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Rehab old lacrosse head

How to Rehab an Old Lacrosse Head

FlexForce

Very few old lacrosse heads will be ready to go when you pick them up. After sitting in someone’s garage or basement or under their bed for a number of years, the pocket will be gross, and more often than not, the stick will be dirty. To the untrained eye, the head may look “done,” but as long as there are no major cracks in the plastic, there is a very good chance that with a rehab, the old lacrosse head can still be rescued, made to look pretty, and turned into something functional once again!

How to Rehab an Old Lacrosse Head

Document Your Starting Point

If there’s an old pocket in the head, the first thing you want to do is take a couple photos of the stick. If you want to truly refurbish the head in a traditional refurb sense, you’ll want to put an original style pocket in it, so photos will help that process whether you string it or someone strings it for you. Maybe you’ll put a different pocket in the head, but a before and after is always a fun photo, so snag a few.

Determine the Pocket’s Fate

Next, you will want to pull that old pocket out. You really have two options here: take your time and try to find pieces of the pocket you want to reuse and recycle, or cut it out quickly and throw it away because it’s trash. Don’t bother keeping old trash materials, and don’t waste old materials that can be reused!

Clean the Head

So, the pocket has been removed, and it’s time to clean up that head. First off, check out the ball stop. Does it still exist? Is it salvageable? If it looks good to go, leave it in place. If it’s gross, falling off, or gone altogether, then peel off any remnants and get ready to clean the head with hot water, soap, and a toothbrush.

The plastic on old heads is usually still pretty tough, so you can use harsher tools, like a steel wool pad or a rough sponge, but not if the head has been dyed. Dye does not seep that deep into the plastic, and if you use a harsh abrasive tool, it can damage an old dye job. Taking your time with a toothbrush will usually result in an excellent outcome.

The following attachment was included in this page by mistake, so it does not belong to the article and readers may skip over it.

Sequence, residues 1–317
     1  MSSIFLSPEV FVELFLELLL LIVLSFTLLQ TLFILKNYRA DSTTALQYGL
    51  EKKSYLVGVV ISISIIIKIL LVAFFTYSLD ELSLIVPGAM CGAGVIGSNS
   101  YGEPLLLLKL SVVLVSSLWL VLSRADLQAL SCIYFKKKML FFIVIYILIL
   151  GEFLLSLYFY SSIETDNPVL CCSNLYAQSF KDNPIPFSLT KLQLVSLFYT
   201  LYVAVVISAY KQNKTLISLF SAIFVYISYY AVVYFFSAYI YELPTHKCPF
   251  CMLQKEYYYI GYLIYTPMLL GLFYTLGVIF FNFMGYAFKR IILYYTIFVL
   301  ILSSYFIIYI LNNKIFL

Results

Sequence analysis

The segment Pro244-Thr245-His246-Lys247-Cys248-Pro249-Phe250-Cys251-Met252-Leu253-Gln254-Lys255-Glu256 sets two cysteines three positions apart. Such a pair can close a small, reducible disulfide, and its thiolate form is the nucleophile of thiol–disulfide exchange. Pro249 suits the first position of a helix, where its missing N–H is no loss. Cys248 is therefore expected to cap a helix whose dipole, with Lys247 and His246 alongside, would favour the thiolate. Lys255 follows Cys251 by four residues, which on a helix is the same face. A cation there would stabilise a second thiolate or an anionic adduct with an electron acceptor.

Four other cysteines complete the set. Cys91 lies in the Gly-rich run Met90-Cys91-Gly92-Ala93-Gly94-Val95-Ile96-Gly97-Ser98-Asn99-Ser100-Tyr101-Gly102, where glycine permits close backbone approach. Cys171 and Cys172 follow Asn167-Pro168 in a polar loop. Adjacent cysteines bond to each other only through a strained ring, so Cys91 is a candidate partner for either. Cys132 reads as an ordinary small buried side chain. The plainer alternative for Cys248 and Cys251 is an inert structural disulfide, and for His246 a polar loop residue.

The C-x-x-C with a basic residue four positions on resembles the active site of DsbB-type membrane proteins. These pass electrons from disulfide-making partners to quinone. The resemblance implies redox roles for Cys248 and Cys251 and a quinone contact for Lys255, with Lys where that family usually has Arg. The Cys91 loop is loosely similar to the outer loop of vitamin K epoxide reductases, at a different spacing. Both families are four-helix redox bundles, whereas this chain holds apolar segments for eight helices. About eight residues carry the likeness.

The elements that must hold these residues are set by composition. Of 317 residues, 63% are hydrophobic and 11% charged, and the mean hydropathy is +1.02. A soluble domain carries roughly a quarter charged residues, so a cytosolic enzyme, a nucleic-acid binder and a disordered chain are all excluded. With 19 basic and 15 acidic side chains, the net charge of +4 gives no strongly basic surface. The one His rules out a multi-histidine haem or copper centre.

If you’re going to pinch your head, now is the time to do it. Warning: the plastic in old heads is obviously old, and this means it can be more brittle or corrupted in other ways. Always be careful pinching old heads. The best way to do this is to put the head in water as you bring it to a boil, then take the head out and pinch it using string. Then, put it back in the water, take it out, and let it sit for an hour or two as it cools into its new shape.

Dry off the head with a paper towel whether you pinched it or not. If you’re putting on a new ball stop, make sure the head is 100 percent dry before doing so. If you can’t find the correct ball stop, find some thin foam padding with adhesive on one side and custom cut your own ball stop. Many brand new heads are shipped with custom ball stops to start with, so taking the time to do this will make it feel like it is factory fresh!

Ready to Re-String

You’re now at the point in your old lacrosse head rehab where you get to re-string it. Whether you’re throwing something new in there or try to replicate an old pocket, take your time and expect some challenges. The geometry of a head from 15 years ago is different from a 25-year-old head, and when you go past that, things change even more.

Looking for inspiration? Check out some photos of college games from the era your head comes from. Even in the older days, there were some really amazing custom pockets out there!

Take Care of Your Equipment

Rehabbing an old lacrosse head and bringing it back to life is a lot of fun. Take your time, clean it up nice, and string something wonderful!

A great way to keep a lacrosse head working for years and years is with FlexForce. It’s designed to keep your head from pinching and can extend your equipment’s life so you don’t have to rehab an old lacrosse head to get your lax fix.

You don’t need to keep tuna cans or a softball on hand any longer – that’s what FlexForce is for.

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